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TECH CAREERS / Karen Kaplan

How the Net Can Make Your Job Easier

May 27, 1996|Karen Kaplan

When speaking of the information superhighway, information is definitely the operative word. The Internet is full of facts that can help people in a variety of careers do their jobs better. Access to much of this useful information is free.

The World Wide Web is an incredible resource for anyone in a career involving market research and demographic information on customers or potential customers. The Census Bureau site, at http://www.census.gov, is almost overflowing with data about jobs, housing, crime, income, transportation, recreation and more. Most of the data can be viewed on a national, state or county basis.

The Census Bureau keeps track of economywide information on agriculture, manufacturing, construction and international trade. There are also tables about employment in the fastest growing and declining occupations, and a host of other topics.

For information about international trade, try MSU-CIBER International Business Resources (http://ciber.bus.msu.edu/busres.htm). This site has links to 46 periodicals from around the world, hundreds of sites specializing in regional and country-specific information, and a 10-step road map for companies trying to expand into foreign markets.

From MSU-CIBER, you can find International Marketing Insights reports, which are prepared by American embassies and consulates and discuss developments in foreign countries that affect U.S. traders and investors.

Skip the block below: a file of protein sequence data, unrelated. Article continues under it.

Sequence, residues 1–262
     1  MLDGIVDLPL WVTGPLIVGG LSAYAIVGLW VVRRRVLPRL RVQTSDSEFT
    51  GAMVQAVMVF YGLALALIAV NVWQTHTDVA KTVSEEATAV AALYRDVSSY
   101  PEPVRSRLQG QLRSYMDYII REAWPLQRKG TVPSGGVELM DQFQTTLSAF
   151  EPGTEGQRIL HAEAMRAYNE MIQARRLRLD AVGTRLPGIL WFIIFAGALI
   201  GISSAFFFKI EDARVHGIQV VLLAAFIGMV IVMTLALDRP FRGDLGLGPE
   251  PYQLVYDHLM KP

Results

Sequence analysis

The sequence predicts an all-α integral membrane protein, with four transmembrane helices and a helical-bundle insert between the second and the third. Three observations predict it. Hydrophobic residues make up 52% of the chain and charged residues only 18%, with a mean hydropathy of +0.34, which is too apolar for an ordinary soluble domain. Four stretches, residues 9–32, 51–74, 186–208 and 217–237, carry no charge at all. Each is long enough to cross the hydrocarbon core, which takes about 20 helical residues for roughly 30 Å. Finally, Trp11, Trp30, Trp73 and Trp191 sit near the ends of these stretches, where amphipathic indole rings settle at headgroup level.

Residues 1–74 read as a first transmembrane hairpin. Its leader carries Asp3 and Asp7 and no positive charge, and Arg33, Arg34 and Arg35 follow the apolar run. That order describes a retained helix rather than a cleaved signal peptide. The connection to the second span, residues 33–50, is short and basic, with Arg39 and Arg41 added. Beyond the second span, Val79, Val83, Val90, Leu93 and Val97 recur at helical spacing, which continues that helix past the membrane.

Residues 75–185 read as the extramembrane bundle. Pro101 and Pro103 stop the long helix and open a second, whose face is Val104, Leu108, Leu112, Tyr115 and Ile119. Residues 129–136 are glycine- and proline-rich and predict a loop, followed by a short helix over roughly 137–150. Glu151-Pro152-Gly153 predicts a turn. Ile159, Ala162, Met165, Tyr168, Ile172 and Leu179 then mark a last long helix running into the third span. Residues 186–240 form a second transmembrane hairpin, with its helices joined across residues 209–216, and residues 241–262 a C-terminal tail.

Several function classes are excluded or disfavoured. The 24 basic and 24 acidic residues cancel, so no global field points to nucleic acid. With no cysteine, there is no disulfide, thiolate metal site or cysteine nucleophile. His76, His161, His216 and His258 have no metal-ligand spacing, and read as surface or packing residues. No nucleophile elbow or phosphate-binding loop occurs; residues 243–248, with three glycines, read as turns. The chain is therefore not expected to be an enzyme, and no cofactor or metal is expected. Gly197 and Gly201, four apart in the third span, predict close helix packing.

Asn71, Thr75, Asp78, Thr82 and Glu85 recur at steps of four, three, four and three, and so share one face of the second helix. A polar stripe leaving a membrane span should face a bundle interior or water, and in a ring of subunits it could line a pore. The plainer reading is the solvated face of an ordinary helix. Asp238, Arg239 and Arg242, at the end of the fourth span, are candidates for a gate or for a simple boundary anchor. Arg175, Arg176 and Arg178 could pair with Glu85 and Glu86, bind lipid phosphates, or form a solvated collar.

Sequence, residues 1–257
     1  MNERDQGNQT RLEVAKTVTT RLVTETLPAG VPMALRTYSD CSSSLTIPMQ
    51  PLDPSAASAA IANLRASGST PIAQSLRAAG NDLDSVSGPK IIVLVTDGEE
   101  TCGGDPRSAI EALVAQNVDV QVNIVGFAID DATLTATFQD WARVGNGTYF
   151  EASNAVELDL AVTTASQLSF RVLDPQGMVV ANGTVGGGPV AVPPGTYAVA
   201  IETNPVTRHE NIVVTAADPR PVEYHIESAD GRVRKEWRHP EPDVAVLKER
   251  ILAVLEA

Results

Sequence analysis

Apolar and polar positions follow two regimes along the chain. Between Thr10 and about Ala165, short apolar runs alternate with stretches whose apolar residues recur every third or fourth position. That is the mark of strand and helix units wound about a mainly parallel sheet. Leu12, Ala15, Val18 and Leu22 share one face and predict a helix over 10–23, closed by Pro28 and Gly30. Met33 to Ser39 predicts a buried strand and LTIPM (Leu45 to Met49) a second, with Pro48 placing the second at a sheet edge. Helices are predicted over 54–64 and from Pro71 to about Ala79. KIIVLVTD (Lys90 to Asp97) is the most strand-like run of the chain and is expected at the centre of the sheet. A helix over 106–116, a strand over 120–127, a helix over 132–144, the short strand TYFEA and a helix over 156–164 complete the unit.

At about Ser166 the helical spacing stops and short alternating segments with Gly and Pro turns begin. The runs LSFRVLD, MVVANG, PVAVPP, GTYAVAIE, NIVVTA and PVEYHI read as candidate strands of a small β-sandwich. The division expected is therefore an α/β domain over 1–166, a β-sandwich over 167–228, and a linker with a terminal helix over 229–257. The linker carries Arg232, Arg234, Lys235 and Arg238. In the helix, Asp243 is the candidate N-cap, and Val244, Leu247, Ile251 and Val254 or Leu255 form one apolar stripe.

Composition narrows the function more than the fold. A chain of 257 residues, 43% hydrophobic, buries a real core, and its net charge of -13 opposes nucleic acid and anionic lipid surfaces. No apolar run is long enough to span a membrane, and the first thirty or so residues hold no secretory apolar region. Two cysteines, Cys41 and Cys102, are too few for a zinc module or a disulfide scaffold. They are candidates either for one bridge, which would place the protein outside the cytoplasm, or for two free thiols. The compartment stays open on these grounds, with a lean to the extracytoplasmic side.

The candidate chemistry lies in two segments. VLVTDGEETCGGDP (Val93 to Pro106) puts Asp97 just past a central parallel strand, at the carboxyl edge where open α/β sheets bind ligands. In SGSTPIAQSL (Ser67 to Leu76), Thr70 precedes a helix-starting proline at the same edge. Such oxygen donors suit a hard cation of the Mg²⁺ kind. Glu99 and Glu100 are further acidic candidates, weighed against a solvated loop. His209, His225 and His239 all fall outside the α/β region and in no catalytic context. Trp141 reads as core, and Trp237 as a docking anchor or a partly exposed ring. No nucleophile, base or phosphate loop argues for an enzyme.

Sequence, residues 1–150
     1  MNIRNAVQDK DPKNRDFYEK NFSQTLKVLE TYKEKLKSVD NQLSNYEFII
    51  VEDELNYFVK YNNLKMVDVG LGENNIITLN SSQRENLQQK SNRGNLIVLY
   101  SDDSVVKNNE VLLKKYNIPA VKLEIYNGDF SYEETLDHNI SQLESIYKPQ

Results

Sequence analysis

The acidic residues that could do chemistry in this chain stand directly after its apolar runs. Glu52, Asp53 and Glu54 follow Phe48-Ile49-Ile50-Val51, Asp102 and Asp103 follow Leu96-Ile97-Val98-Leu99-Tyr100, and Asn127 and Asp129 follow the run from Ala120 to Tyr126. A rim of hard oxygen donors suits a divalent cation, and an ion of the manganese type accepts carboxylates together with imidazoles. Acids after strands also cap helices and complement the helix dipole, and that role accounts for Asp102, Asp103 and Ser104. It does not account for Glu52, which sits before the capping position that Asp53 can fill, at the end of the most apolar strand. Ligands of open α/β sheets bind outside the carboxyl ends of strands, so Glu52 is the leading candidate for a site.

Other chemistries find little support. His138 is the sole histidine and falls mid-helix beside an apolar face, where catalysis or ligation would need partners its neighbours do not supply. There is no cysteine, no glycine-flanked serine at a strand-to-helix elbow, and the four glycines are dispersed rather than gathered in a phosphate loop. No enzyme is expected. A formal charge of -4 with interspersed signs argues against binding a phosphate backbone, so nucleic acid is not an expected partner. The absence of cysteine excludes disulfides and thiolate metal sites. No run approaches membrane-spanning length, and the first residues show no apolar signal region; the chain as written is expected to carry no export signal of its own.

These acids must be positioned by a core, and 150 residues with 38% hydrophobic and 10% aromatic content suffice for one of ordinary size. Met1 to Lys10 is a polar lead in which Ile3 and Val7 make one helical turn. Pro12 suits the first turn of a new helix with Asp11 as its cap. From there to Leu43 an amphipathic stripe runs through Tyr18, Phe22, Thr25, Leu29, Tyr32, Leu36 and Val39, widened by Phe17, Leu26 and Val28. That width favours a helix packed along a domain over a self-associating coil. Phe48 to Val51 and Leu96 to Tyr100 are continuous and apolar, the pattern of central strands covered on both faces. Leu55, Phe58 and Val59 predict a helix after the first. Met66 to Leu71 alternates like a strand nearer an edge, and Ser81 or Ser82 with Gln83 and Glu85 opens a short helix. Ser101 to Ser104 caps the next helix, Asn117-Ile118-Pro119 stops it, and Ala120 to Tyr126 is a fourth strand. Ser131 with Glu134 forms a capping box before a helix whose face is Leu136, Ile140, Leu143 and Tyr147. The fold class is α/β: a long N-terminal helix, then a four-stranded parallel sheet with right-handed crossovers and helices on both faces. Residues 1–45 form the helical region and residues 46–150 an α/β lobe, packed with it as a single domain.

The Web is also useful for gathering competitive intelligence, which is required of people in many careers. A good place to learn about the finances and strategies of public companies is Edgar (the Electronic Data Gathering, Analysis and Retrieval system), at http://www.sec.gov/edgarhp.htm. This site contains documents that public companies have filed with the Securities and Exchange Commission since January 1994.

For example, a 10-K--which must be filed online--describes a company's performance during the fiscal year and includes all developments, good and bad, that shareholders have a right to know. Other documents, if available, have information about the compensation packages of top executives, stock trades made by corporate insiders, and merger and acquisition activity.

For anyone in a sales-related career who would like to become a government vendor, a useful Web site is the Federal Acquisition Jumpstation (http://procure.msfc.nasa.gov/fedproc/). This site has procurement information from 10 executive Departments like Commerce, Defense and Energy. There are also lists of contracting opportunities with the Environmental Protection Agency, the Small Business Administration and other federal agencies. General information about how to go about bidding for a government contract is also available at this site.

These are just a few of the many Web sites that can be valuable career assets. The more time you spend surfing the Net, the more you are likely to find.

Karen Kaplan covers technology and careers for The Times. She can be reached via e-mail at Karen.Kaplan@latimes.com

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